In the Economic Policy Institute’s November 18th brief #289 entitled, “Different Race, Different Recession” they describe the difference between the white unemployment rate and the native unemployment rate in Alaska. White unemployment is 6.9% and native unemployment is 21.3%. This is a huge contributor to the social problems in the native communities. Poverty is the facilitator of most social ills. Alaska politicians brag about our low unemployment compared to other states while the Native people are having another Great Depression.
There are two very different experiences of the recession in some regions of the country. While Alaska and the Northern Plains states have had some of the lowest unemployment rates for whites since the start of the recession, these regions have had among the highest rates of joblessness for American Indians. This Issue Brief documents these extreme regional employment disparities as well as the smaller but still significant ones between American Indians and whites from the first half of 2007 to the first half of 2010. It presents American Indian and white unemployment rates and employment-to-population ratios nationally and broken down by region.
The key findings are:
• From the first half of 2007 to the first half of 2010, the American Indian unemployment rate nationally increased 7.7 percentage points to 15.2%. This increase was 1.6 times the size of the white increase.
• By the first half of 2010, the unemployment rate for Alaska Natives jumped 6.3 percentage points to 21.3%—the highest regional unemployment rate for American Indians.
• Since the start of the recession, American Indians in the Midwest (see Table 1 for the states within each region) experienced the greatest increase in unemployment, growing by 10.3 percentage points to 19.3%.
• By the first half of this year, slightly more than half—51.5%—of American Indians nationally were working, down from 58.3% in the first half of 2007.
• In the first half of this year, only 44% of American Indians in the Northern Plains were working, the worst employment rate for Native Americans regionally.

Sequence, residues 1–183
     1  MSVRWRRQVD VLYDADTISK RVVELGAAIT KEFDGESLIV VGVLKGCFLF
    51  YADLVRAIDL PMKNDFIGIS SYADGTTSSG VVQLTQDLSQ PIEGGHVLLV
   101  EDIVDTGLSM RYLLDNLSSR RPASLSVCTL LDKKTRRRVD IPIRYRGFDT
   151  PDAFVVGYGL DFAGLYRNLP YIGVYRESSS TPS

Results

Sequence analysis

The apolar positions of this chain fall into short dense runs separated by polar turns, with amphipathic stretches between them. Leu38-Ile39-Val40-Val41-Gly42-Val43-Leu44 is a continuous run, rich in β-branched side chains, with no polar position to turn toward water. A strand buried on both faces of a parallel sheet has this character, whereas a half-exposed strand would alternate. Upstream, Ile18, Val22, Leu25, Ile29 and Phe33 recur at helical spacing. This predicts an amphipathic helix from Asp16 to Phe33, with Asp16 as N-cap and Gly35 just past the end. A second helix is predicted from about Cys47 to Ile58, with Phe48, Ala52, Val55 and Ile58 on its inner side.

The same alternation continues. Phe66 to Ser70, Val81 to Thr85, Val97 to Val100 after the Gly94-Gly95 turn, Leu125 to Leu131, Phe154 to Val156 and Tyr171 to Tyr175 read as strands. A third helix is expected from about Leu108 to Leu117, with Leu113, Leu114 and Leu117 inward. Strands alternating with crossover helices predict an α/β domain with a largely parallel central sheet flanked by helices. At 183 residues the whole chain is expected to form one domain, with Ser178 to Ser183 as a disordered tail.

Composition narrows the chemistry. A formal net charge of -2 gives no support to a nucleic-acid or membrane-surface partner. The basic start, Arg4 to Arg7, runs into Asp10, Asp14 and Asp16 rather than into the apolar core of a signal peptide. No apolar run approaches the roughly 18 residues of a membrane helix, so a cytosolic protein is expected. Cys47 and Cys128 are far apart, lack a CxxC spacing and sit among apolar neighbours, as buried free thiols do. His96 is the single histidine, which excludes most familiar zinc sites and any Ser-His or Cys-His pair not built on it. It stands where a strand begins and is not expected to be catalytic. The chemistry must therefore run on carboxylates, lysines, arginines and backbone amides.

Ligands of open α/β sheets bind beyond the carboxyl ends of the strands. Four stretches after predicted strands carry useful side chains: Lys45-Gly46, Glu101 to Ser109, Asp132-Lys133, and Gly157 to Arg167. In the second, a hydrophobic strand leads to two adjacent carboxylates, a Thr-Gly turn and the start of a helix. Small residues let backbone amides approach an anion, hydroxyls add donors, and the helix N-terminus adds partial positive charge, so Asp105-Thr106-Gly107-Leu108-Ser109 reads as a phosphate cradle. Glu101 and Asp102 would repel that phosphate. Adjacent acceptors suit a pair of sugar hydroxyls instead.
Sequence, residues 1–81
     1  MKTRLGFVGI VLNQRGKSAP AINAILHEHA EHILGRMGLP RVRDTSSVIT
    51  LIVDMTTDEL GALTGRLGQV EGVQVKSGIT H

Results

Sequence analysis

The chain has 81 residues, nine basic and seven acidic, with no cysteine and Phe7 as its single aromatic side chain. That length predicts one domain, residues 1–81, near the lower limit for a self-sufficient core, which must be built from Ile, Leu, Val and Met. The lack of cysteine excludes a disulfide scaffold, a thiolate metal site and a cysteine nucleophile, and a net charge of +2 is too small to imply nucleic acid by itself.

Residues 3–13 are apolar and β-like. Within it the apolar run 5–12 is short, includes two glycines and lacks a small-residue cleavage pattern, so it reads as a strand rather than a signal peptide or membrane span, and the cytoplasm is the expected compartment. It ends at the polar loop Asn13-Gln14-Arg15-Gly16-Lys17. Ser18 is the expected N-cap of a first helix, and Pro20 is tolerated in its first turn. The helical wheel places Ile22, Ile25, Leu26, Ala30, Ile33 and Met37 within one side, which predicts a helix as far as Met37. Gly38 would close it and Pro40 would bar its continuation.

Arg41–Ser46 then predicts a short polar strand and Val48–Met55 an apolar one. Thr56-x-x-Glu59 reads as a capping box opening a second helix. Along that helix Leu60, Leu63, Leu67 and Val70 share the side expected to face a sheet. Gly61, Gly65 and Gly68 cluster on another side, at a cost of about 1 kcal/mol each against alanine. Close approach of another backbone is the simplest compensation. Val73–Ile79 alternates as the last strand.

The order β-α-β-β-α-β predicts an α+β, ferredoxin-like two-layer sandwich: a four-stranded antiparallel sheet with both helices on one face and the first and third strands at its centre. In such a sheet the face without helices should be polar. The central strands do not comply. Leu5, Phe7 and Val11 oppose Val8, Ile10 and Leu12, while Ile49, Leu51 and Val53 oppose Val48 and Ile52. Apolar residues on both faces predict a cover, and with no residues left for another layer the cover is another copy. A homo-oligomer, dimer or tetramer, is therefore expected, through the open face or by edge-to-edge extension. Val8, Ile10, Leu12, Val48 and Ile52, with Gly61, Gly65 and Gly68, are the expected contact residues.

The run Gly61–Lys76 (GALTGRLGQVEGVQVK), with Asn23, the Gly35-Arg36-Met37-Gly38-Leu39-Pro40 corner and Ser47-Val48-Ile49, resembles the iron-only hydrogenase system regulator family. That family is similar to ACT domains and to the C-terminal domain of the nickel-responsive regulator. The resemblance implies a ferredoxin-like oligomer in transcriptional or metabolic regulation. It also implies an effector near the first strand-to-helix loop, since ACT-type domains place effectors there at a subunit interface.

• The employment situation is the worst for American Indians in some of the same regions where it is best for whites: Alaska and the Northern Plains.
Racial discrimination took a huge backwards step under Sarah Palin and then Sean Parnell. In 2007 the Native unemployment rate was 15.1% with a jump in 2010 to 21.3%. Sarah Palin’s lack of planning and failure to take action to decrease the crises in the Native villages due to global warming along with her failure to address the problems of finding work for those who have had to leave their villages is a glaringly huge example of her lack of qualification to be president. I guess it takes more than cookies and an evangelical conman to create jobs. The conclusion is obvious:
These are also the regions of the country where the ratio of the Native-to-non-Native population is among the highest (U.S. Census Bureau 2007). These facts raise the possibility that the problem of low employment rates among American Indians may be at least partially due to larger social and economic conflicts between the two groups.
The brief also discusses why the Bureau of Indian Affairs report on unemployment in the native population has statistics much lower than their report. The BIA leaves a lot of native people out of their report. They only include those who live on or near a reservation and receive BIA services.
When I lived in Nome and I said it was like a town in Mississippi in the 1950s I was not joking. That is not true of everyone of course, there are some who very strongly believe in equality in every way. I call them “the real Alaskans“. The problem with these small villages is bullies end up taking over in a lot of different ways and they get to project their prejudices in policy and weak personalities follow along. Lesser sycophant bullies have weak personalities. Those who stand up to them are often harmed with the help of a mob. It takes outside intervention to force a change. The BIA should have done something about a lot of things a long time ago.